Policy Fellow Mary Charlton

Mary Charlton

Mary Charlton is an assistant professor in the Department of Epidemiology at the College of Public Health as well as an investigator with the Iowa Cancer Registry. As one of our policy fellows at the Iowa Institute of Public Health Research and Policy, Charlton is recommending policy changes to modernize Iowa cancer reporting laws.

The Iowa Cancer Registry (ICR) is a population-based cancer registry that has served the State of Iowa since 1973. The registry is funded by the National Cancer Institute (NCI) as part of its Surveillance, Epidemiology, and End Result’s (SEER) Program. The SEER Program registries routinely collect data on patient demographics, primary tumor site, tumor morphology, stage at diagnosis, and first course of treatment. SEER is the authoritative source of information on cancer incidence and survival in the U.S.

Cancer is a reportable disease in Iowa. About 25,000 cancer abstracts per year are collected from hospitals, pathology laboratories, cancer treatment centers, and physician practices. Two-thirds of the abstracts are collected by the 14 Iowa hospitals with cancer centers that are accredited by the American College of Surgeons Commission on Cancer.  

Tumor registrars who are employed and trained by the Iowa Cancer Registry currently abstract cancer information from the other 104 hospitals and non-hospital sites of diagnosis.

According to SEER:

“The ICR provides accurate and thorough reporting of cancer disease. The ICR has been consistently recognized for its extremely high quality data. However, Iowa has some of the weakest reporting laws compared to other states.  Iowa also has one of the lowest rates of e-path reporting of all SEER Registries.”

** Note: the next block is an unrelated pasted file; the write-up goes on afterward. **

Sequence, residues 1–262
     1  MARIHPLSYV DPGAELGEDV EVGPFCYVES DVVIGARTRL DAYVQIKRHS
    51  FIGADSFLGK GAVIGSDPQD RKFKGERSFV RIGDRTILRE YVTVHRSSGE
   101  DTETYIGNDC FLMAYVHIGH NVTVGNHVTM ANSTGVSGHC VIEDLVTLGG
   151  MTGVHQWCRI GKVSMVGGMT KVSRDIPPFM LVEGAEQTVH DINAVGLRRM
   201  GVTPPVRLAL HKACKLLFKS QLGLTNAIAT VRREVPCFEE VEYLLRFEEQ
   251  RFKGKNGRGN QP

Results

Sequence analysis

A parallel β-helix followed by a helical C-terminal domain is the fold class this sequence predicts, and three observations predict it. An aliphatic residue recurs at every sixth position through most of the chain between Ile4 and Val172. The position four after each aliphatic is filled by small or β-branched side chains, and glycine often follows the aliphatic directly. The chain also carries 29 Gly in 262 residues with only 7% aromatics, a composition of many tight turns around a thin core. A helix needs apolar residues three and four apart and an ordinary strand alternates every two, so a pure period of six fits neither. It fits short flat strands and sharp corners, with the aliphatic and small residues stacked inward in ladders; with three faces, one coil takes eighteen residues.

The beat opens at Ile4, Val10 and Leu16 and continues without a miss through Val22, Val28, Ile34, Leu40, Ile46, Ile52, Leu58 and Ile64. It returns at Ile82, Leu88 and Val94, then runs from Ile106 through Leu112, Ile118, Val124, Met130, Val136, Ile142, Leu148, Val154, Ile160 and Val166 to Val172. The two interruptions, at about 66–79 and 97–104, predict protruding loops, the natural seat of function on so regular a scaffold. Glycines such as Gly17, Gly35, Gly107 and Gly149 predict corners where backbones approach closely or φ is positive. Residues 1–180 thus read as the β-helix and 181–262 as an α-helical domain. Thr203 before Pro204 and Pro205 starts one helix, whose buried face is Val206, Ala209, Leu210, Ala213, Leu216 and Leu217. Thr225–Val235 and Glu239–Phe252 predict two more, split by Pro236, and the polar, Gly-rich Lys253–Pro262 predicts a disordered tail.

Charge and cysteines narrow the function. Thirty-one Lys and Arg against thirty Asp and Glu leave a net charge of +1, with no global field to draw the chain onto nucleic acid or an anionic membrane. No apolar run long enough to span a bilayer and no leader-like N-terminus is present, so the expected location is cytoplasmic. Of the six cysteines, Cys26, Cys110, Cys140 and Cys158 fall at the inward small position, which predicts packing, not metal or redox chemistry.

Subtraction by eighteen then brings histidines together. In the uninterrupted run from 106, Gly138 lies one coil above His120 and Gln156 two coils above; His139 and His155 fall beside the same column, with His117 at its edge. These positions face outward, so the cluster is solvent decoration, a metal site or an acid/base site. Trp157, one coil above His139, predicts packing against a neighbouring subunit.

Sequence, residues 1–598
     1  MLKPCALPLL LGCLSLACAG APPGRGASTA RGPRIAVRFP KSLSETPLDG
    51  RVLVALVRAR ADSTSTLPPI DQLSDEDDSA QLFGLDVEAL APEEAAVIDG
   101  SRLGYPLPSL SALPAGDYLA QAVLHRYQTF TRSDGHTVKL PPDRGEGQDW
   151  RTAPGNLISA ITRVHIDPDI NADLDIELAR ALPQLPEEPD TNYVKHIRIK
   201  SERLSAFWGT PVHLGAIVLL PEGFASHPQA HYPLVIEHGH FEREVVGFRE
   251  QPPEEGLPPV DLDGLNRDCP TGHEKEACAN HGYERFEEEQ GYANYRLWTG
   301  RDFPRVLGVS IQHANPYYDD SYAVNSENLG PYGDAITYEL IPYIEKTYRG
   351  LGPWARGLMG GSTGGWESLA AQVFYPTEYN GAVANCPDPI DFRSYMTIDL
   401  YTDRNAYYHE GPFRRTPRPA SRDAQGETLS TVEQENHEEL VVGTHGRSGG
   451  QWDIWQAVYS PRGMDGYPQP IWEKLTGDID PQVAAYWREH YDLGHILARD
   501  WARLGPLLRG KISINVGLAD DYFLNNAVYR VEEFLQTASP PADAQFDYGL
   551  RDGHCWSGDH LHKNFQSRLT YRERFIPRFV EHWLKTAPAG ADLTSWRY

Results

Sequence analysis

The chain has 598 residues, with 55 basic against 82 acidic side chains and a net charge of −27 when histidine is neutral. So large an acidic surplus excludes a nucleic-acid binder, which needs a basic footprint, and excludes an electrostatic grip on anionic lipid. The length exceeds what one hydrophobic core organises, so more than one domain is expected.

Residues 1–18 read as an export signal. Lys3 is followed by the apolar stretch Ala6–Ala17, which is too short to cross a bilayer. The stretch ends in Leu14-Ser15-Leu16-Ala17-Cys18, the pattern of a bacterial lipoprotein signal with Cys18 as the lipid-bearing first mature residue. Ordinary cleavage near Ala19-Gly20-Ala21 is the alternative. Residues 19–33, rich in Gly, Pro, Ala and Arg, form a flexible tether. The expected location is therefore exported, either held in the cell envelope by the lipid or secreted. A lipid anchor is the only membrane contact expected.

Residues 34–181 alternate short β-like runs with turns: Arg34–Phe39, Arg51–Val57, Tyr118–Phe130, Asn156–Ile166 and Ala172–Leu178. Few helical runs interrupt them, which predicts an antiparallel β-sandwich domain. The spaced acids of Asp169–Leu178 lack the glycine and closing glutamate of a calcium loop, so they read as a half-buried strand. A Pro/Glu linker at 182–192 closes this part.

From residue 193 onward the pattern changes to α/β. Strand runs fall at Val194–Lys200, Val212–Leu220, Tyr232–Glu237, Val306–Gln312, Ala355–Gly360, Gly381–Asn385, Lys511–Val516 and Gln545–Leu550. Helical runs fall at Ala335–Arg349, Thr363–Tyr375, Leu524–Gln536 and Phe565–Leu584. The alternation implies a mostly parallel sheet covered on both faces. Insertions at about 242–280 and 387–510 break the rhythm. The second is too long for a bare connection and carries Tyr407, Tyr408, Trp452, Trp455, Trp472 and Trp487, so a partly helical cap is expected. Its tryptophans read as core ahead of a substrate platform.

To ensure continued funding from NCI, it is necessary to address the low rate of e-path reporting and Iowa’s weak cancer reporting requirements, which require a disproportionate amount of NCI funds to be spent on cancer case abstraction compared to other SEER Registries. Existing Iowa cancer reporting requirements were developed long before widespread use of electronic record systems and at a time when nearly every cancer patient received treatment in a hospital. Cancer reporting requirements must catch up with technology.

Policy Change No. 1

Require all reporting entities to provide data electronically whenever possible. Electronic reporting benefits reporting entities and the ICR.

Benefits of Electronic Reporting for Hospitals and Laboratories

  • More timely case identification for hospital-based registries
  • Improved compliance with cancer reporting requirements
  • Enhanced patient privacy compared to paper reports

Benefits of Electronic Reporting for ICR

  • More timely receipt of incident cases (within hours or days of diagnosis)
  • More complete reporting
  • Standardization of data from diverse reporting sites
  • Significant labor savings

Policy Change No. 2

Add provisions for cost-sharing mechanisms.

  • 104 of 118 Iowa hospitals are not accredited by the Commission of Cancer (CoC) and therefore do not have their own cancer registries. ICR completes ~8,000 cancer abstracts /year from these hospitals at no cost to the hospital.
  • ICR abstracts data (~3,700 abstracts /year) for 3 CoC hospitals who have their own registries but do not collect all the elements required by SEER at no cost to the hospital.
  • Nearly $2 Million of ICR budget is spent on abstracting which results in Iowa having the largest cost per case of all SEER registries.

Policy Change No. 3

Clarify the definition of who is required to report.

Currently, as the Iowa Code is written, it is often interpreted that only hospitals have to report cancer cases. This leads to underreporting of cancers that can often be treated in a clinic or outpatient setting such as with melanoma, urologic cancers (e.g., bladder and prostate) and chronic lymphocytic leukemia.